Engine maker Cummins (NYSE: CMI) is all charged up. Its shares are up a whopping 40% year-to-date, and it reported mind-boggling numbers in its last quarter. But is it totally free from weaknesses? No company is perfect, and only a detailed scrutiny can give us a clear picture. Let's take a look at where Cummins stands.


  • Global play. After getting a strong foothold in rapidly growing markets like India and China, Cummins is now expanding into Russia, Africa, Turkey, and Indonesia. International markets accounted for nearly 59% of the company's total sales last year. Also, nearly 50% of the total projected capital expenditure for this year will go toward the overseas market.
  • Impressive tie-ups. Cummins has tie-ups with some of the top names in the industry. Some prominent ones worth mentioning are its 50:50 joint venture with leading Indian automaker Tata Motors (NYSE: TTM), alliances with Komatsu, and the partnership with Westport Innovations (Nasdaq: WPRT).
  • Strong research and development. Cummins has consistently invested in innovative products and technologies, spending nearly $622 million in 2011. It plans to shell out at least 30% more this year. The company has been spending to meet emission standards and unlike peer Navistar (NYSE: NAV), which is bearing the brunt of warranty claims, Cummins' warranty costs were at a 15-year low in 2011.
  • Solid financials. Picture this: a total debt-to-equity ratio of just 11.8%, an interest coverage ratio of a whopping 48 times, unlevered free cash flow of more than $1 billion, and cash equivalents of $1.5 billion (as of Dec. 31, 2011). It's not every day that one comes across a company with such impressive financials.


  • Single-source supply.  Cummins single sources 60%-70% of its product parts requirement. This is risky, as any issue with the supplier could stall part of Cummins' business.
  • European concern. Although Europe contributed almost 15% to Cummins' total revenue last year, any worsening of the crisis in the region could dent Cummins' demand and revenue. Cummins feels demand from the region could slip this year.


  • Pick-up in the truck market. The North American truck market is showing signs of recovery and Cummins has a great chance of revving up revenue as it derives more than 50% of its engine sales from this market.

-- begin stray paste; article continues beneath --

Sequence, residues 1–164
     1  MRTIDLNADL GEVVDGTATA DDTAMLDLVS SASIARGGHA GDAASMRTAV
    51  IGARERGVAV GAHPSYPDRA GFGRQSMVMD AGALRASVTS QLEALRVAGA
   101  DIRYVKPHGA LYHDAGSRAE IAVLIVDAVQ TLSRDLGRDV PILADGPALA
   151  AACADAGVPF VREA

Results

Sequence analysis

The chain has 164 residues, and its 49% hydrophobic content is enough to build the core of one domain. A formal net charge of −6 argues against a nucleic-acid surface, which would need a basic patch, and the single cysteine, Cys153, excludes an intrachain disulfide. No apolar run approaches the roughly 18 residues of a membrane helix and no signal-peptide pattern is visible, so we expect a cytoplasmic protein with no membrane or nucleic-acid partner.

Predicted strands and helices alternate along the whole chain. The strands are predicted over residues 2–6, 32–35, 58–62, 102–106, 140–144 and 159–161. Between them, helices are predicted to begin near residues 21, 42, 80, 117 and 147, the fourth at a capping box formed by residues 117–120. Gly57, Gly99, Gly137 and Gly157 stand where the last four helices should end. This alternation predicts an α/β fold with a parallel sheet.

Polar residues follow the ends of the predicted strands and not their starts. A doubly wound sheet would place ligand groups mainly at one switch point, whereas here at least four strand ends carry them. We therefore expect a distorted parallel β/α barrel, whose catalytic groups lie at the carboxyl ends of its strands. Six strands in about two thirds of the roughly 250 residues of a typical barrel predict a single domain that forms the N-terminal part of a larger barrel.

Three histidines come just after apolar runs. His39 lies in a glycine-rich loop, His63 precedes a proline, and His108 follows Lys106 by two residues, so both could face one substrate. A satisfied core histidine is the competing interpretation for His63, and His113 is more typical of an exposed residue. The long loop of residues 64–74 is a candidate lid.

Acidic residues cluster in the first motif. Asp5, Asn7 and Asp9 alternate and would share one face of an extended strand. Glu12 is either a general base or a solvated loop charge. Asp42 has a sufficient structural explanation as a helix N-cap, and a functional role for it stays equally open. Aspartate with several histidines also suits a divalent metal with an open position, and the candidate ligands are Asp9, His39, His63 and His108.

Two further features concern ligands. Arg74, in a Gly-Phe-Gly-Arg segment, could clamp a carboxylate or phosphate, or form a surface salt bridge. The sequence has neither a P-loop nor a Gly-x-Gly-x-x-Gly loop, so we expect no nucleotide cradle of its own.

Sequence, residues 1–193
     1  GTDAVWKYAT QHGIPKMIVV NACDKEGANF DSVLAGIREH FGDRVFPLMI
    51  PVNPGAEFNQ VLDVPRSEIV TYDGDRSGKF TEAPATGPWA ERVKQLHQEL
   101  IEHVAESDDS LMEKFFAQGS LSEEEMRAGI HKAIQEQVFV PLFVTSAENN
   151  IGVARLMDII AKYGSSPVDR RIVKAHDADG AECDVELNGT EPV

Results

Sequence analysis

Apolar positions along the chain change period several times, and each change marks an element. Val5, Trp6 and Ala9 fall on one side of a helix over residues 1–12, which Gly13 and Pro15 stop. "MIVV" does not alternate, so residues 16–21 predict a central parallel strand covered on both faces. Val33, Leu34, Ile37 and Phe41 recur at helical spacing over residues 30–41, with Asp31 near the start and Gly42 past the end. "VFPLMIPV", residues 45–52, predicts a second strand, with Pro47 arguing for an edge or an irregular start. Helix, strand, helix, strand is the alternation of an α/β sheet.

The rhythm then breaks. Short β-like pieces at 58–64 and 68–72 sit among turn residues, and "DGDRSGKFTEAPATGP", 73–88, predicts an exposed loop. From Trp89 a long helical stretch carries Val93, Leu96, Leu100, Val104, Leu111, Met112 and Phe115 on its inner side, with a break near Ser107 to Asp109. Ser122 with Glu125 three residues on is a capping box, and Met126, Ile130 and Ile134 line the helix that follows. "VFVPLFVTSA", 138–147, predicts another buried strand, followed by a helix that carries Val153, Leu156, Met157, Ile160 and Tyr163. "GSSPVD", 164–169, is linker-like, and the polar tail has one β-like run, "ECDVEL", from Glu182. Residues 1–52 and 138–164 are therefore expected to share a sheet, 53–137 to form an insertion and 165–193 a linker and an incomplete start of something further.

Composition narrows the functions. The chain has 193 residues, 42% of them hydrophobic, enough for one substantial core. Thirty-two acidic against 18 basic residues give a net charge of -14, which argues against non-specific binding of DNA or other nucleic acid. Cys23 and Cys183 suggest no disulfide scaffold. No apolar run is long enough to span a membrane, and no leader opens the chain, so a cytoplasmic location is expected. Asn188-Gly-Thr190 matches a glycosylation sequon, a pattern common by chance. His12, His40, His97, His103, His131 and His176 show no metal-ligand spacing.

• Tapping future fuel. Cummins also makes natural gas engines, which puts it in a very good position to cash in on the rising popularity of natural gas as a fuel. Recently, Navistar opted for Cummins' Westport engines to power its new trucks. More deals of a similar nature can take Cummins into newer and bigger markets.
  • Overseas growth. According to an International Energy Agency report, leading natural gas vehicle markets of Latin America and the Asia Pacific are likely to remain robust. Again, this means Cummins has a lot to look forward to.  


  • Global slowdown. China and India are important markets for Cummins. Worries about a slowdown in China are already thick in the air, and India is grappling with issues like high inflation. Demand from both these nations slipped in the fourth quarter, particularly for its power generation division. Cummins' revenue could get hit if the two markets slow down.

The Foolish bottom line
The pros clearly outweigh the cons in Cummins' case. It's a fundamentally solid company that keeps rewarding shareholders with good returns. Riding out macrochallenges shouldn't be tough for it.

I am not the only one who thinks so, as Cummins has bagged the coveted five-star ranking from our Motley Fool CAPS community. Keep tracking the company by adding it to your stock watchlist, our free and personalized stock-tracking service.

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